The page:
How to dig into a short story

How to dig into a short story

(Feature photo by apolonn)

Reading a literary short story is often like reading a mystery. The only difference is that in every mystery, all the answers are revealed at the end, while in literary fiction, the reader is often left to resolve the mystery (or meaning) to the story by himself.

Oftentimes, this leaves literary fiction open ended. It just drops off the reader into an unresolved chasm and says, “What do you make of this, oh reader?”

Please understand that I’m not a believer in “meaning is derived by the reader.” In other words, when reading a story, you can’t just choose to believe whatever you want in the story’s meaning if those conclusions are inconsistent with the story’s content. Meaning is derived from the work itself. It is merely discovered and brought to light by the reader. There is such a thing as right or wrong, but it is also possible to have multiple right answers if the author so chooses.

In my experience of readers’ reviews of my collection, AMIDST TRAFFIC, this has been their biggest complaint: They become frustrated when the story’s meaning is not revealed to them at the end. Many of my stories are left open ended, putting the burden on the reader to figure out the answer.

This is where the difference lies between literary fiction and a mystery.

The key to solving a mystery novel, for example, is simply reading to the end. The bad guy reveals his plot. The hero saves the day at the last minute. All the loose ends are tied into tidy bows. A gift is presented to the reader as a gratifying reward.

In literary fiction, the reward lies in a careful reading of the story itself. The reader himself is the mystery solver, and he must uncover the hidden meaning behind each metaphor by himself. Much is implied. Much is hung by a string of ambiguity. This is meant to create uncertainty, heighten conflict. This helps readers become better readers. Better thinkers.

In order to help you through this process, please first read my short story, “Three Straws” so as not to spoil anything for you. If you have my collection, you have access to it already.


In “Three Straws” (my collection’s first story), the reader is left with an image of Eli, the story’s “hero” cutting up a drinking straw with a pair of scissors. Then he cuts a second. Then a third. Then he throws a box of them into the trash. He’s a short-order cook at a diner. After he cuts the straws, he finishes cooking the last meal of the night, and walks out. He quits his job.

The entire story, up until now, had revolved around Eli’s obsession with digging a hole in his back yard in order to help him sleep through the night due to nightmares and insomnia. Then, one day at the diner he meets Charles, an elderly man who orders a coffee and always asks for three straws before paying his bill and leaving.

The mystery begins. Why does Charles need the straws? What is he doing with them?

The answer to this is never revealed to the reader until he reads another story in the series, “Clouds in the Water.” But the point is not discovering what Charles wants with the straws (he hints at the fact that he’s building something with them). The point of the story is that Eli is trapped in an obsessive behavior of digging and suddenly finds new hope (and a new obsession) in Charles. They share an invisible bond.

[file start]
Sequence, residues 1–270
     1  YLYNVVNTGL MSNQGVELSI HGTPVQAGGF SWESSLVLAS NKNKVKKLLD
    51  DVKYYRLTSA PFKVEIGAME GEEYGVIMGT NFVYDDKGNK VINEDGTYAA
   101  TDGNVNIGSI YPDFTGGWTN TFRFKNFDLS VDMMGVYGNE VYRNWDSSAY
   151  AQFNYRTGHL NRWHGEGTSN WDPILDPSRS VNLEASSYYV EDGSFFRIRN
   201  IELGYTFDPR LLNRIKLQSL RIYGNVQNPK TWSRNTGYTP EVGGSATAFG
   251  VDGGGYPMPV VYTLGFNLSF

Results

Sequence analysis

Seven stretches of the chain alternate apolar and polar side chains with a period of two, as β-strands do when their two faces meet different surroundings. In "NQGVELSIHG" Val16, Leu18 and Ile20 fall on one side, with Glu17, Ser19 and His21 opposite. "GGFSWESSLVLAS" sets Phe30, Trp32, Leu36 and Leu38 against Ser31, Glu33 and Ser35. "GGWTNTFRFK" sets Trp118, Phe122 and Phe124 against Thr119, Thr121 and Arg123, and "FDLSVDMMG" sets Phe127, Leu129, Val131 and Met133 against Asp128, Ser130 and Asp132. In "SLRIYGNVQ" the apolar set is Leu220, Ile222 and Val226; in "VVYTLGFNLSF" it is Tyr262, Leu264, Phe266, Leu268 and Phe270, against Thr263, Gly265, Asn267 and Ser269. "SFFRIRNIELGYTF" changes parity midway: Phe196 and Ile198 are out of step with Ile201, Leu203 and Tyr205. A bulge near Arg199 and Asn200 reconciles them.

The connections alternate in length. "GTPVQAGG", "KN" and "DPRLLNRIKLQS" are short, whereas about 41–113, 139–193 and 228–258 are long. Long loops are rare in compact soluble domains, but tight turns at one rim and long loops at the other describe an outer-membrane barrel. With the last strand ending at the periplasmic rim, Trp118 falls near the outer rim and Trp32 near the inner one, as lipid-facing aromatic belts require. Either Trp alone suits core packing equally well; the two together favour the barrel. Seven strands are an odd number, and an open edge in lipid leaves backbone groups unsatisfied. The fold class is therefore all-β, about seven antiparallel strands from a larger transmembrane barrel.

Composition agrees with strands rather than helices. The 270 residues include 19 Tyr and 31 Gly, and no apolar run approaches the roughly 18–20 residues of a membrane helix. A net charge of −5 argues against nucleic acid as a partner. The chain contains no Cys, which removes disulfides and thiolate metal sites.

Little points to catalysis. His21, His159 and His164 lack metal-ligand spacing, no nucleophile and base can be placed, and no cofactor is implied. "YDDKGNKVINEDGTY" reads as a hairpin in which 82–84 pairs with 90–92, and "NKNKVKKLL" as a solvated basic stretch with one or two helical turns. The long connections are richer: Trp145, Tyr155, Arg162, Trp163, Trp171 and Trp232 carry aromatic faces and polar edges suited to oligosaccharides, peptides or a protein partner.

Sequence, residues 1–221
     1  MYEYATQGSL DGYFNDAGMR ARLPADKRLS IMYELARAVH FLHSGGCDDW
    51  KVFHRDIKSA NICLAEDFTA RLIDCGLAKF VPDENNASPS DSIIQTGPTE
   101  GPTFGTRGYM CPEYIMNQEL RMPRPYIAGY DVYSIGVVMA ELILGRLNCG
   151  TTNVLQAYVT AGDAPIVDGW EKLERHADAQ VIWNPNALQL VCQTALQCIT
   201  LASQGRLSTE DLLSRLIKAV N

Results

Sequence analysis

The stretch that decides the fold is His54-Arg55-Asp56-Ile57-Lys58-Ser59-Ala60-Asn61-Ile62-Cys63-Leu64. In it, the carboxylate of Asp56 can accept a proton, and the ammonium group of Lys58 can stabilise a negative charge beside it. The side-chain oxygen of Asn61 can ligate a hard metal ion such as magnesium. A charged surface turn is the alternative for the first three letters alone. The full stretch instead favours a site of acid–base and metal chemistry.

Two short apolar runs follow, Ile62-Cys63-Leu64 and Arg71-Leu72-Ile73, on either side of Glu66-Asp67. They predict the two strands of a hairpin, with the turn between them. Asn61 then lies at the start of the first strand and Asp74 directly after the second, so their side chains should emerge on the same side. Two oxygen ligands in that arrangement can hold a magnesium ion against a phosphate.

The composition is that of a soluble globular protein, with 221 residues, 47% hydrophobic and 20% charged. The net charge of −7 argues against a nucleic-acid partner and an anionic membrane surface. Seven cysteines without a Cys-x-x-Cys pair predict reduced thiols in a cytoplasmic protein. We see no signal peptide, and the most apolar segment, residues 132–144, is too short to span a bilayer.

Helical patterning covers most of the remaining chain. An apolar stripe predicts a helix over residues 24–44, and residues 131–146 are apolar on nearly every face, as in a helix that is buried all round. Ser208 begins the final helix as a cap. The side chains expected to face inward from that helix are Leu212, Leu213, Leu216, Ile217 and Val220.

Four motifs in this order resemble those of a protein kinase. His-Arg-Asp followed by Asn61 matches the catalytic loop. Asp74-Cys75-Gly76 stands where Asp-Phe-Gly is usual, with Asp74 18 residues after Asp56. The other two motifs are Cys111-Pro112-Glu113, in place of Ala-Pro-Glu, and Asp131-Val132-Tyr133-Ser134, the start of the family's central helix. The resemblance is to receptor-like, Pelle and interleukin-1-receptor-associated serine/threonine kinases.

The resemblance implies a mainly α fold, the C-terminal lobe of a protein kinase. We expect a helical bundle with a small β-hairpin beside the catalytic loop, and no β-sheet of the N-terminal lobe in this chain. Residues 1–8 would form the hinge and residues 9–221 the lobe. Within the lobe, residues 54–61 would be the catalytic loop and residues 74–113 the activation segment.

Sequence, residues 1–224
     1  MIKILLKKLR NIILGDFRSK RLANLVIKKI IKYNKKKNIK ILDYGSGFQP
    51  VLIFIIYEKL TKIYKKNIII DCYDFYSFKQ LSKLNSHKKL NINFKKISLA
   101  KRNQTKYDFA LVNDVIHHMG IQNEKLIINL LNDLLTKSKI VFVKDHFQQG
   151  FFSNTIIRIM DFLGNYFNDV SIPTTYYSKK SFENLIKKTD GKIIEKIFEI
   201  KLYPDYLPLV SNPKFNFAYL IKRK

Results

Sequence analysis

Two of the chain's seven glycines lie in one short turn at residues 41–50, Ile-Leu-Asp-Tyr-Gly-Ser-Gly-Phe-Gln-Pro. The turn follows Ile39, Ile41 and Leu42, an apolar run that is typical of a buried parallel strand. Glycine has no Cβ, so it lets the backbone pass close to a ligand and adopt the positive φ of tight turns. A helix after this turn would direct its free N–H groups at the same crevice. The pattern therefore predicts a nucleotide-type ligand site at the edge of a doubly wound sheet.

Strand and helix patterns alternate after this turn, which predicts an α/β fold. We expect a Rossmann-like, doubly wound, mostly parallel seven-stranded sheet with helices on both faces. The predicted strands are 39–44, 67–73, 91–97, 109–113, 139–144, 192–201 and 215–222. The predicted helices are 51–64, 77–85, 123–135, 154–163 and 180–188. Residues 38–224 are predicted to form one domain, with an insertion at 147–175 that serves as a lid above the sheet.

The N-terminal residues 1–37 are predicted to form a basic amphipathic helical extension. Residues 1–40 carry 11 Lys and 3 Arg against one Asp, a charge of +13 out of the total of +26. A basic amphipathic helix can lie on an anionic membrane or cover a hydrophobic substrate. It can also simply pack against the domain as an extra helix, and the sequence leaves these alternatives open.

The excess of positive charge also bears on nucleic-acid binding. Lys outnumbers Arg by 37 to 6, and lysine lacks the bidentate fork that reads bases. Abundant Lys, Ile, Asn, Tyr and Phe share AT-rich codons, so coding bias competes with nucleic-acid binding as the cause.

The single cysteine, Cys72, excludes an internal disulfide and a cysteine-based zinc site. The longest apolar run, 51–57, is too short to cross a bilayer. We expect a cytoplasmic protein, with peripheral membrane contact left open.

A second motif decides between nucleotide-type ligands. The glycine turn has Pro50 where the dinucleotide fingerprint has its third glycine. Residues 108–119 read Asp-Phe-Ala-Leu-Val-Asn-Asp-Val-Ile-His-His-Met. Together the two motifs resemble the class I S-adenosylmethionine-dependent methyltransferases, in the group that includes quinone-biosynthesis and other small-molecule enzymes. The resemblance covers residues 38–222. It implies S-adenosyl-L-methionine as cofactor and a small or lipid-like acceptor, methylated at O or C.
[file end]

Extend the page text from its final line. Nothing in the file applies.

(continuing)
The story is also highly metaphorical, making several references to Christ on the cross, escape from sin and works-based salvation. The point of the story, the whole meaning behind it, is that Eli continues to put his trust in the wrong thing. First he places his trust in his digging, only to discover that the process is wearing his body down. Then he shifts his obsession to Charles. He must know what Charles is doing with all those straws. But we never find out. So the reader feels cheated. And yet the answer lies right in front of him, right in the final paragraph.

The story finishes with a hint (mysteries are full of meaningful hints, or “clues” as detectives prefer). The hint reveals that Eli will go home and rip apart his father’s journals. If you’ve read the story, you’ll remember the journals were the original cause of his nightmares. So the story’s final paragraphs tell the reader that Eli will quit his miserable job, rip apart the journals, let the pages fall into the hole and dumping the dirt back in.

He has just saved himself from the digging. He has decided to bury his past.

It is later, in another story in the collection titled, “Black Coats at the Cheyenne Diner” that we discover Eli’s life had literally been saved when he decided to walk out of the diner that night.

All of the stories are connected this way.

But the point here is to help alleviate readers’ frustrations. When a story leaves you hanging, don’t get angry. Don’t retaliate with defiance. Use this opportunity as a challenge. Ask yourself, “Why would the author do this?” Trust me. No author writes (I hope) stories to torture his readers. At least I don’t. I write to engage and to challenge readers.

If that means you have to go back and look over the “evidence” again to solve your mystery, do so. It will be worth it.

I’ve often thought about writing a series of blog posts to help readers solve the meaning of my stories. I’ve already given away one of them, and I may do so again upon request. But hopefully this has helped you remember that reading good literary fiction is about making connections, critical thinking, enjoying the prose and a pursuit of truth.


What about you?

Are there any other stories in my collection that have frustrated and wish the meaning was revealed to you?

About Michel Sauret

I'm a independent and literary fiction author and Pittsburgh-based photographer

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